by Jeff Boam
OPENING THIS WEEKEND
The Amazing Spider-Man
Andrew Garfield, Emma Stone
Merely five years after the conclusion of director Sam Raimi’s super-successful Spider-Man trilogy, Sony is looking to start from scratch on reinventing the famed web-crawler under the direction of Marc Webb (500 Days of Summer). In this PG-rated comic book adaptation (also available in 3D), a teenage orphan (Parker) looking for clues to his parents’ disappearance is put on a collision course with his father’s former partner, Dr. Curt Connors (Rhy Ifans), and a radioactive spider bite. The Plus: The potential franchise. Spider-Man consistently ranks as Marvel’s most popular and endearing character. Here, Garfield (The Social Network), Stone (Crazy Stupid Love), and Ifans (Harry Potter and the Deathly Hallows) join Martin Sheen (The Departed), Sally Field (Steven Spielberg’s forthcoming Lincoln), Denis Leary (FX’s Rescue Me). The Minus: The gamble. Fans and critics alike disliked Spider-Man 3, but Raimi (Evil Dead series, A Simple Plan’s Spider-Man series) was adored overall. Perhaps, it might be too soon for a reboot with so many other properties flooding the Multiplex.
Katy Perry: A Part of Me
Katy Perry, Shannon Woodward
In this PG-rated ‘backstage pass’ (also available in 3D), the glamorous and, at times, not-so-glamorous life of pop songstress Perry is chronicled—performances and all. The Plus: The genre. Both 2008’s Hannah Montana & Miley Cyrus: Best Of Both Worlds Concert Tour and Justin Bieber: Never Say Never proved that fly-on-the-wall pop concerts bank a lot of buck when the disposable income comes from a demographic (read; screaming teen). The Minus: The odds. Jonas Brothers: The 3D Concert Experience underwhelmed at the box office. With an already over-crowded Cineplex and three other new flicks opening, Perry’s behind-the-scenes extravaganza (obviously, the documentary won’t concentrate much on her recent divorce from actor Russell Brand with a teen-friendly PG rating) will probably part company with audiences quite quickly.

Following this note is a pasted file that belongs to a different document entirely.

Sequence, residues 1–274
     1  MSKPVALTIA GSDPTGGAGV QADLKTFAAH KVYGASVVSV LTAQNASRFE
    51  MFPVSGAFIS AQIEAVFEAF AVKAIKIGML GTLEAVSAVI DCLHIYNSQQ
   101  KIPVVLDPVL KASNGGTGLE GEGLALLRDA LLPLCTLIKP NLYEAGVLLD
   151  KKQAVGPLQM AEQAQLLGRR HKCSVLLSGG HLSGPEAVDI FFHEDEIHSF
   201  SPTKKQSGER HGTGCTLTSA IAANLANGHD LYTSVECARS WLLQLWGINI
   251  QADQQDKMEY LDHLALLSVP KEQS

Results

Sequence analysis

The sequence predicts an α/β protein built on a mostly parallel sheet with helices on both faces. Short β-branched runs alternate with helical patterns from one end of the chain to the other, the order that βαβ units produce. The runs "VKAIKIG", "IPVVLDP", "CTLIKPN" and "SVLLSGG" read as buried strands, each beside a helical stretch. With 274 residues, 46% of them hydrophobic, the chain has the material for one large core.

Taylor Kitsch, Aaron Johnson
Considering director Oliver Stone’s CV, none of his films really seem ripe for the sequel treatment (JFK 2, Born on the 5th of July, or Any Given Monday, anyone?). Given 2010’s economic climate, however (the banking industry really seemed to take Gordon Gekko’s “Greed is Good” mantra to heart), Wall Street 2: Money Never Sleeps made a whole lot more sense than Platoon 3-D. Now, 30 years on, Stone follows up his classic screenplay to Scarface with this drug war drama. In the R-rated Savages, two young entrepreneurs (Kitsch, Johnson) develop and distribute weapons-grade marijuana, which attracts the attention of a vicious Mexican drug cartel and Feds. The Plus: The players. In addition to Kitsch (John Carter, Battleship) and Johnson (Nowhere Boy, Kick-Ass), this drama features the talents of Lively (The Town, Green Lantern), Benicio Del Toro (Sin City, The Wolfman), Salma Hayek (Grown Ups, Puss in Boots), John Travolta (The Taking of Pelham 1 2 3, From Paris with Love), Emile Hirsch (Milk, The Darkest Hour), and Demian Bichir (A Better Life, Showtime’s Weeds). The Minus: The odds. The once-unstoppable box office blockbusting of Stone (Natural Born Killers, Any Given Sunday) any given way to a bad run at the Cineplex (Alexander, W.). If Savages doesn’t garner good word of mouth early, it’ll be a Stone’s throw from the discount bin.
To Rome With Love
Woody Allen, Alec Baldwin
In this R-rated comedy, a number of people in Italy — some American, some Italian, some residents, some visitors — find romance, adventure, and predicaments complicating their lives in Rome. The Plus: The Woodman. Just last year, Allen released his greatest box office success of all time, the Oscar-nominated Midnight in Paris. His follow-up boasts the acting talent of Baldwin (Rock of Ages), Robert Benigni (Life is Beautiful), Penelope Cruz (Nine), Judy Davis Greta Gerwig (Arthur), Jesse Eisenberg (The Social Network), Ellen Page (Inception) … oh, and Allen himself in his first acting role since 2006’s Scoop. The Minus: The odds. Capped off by Midnight’s success, Allen has had a good run since moving production overseas (Match Point, Vicky Cristina Barcelona). There has been the in-between slump of Cassandra’s Dream, Whatever Works, and You Will Meet a Tall Dark Stranger, however. Statistically, To Rome With Love might just fall in with these flicks.
Channing Tatum, Matthew McConaughey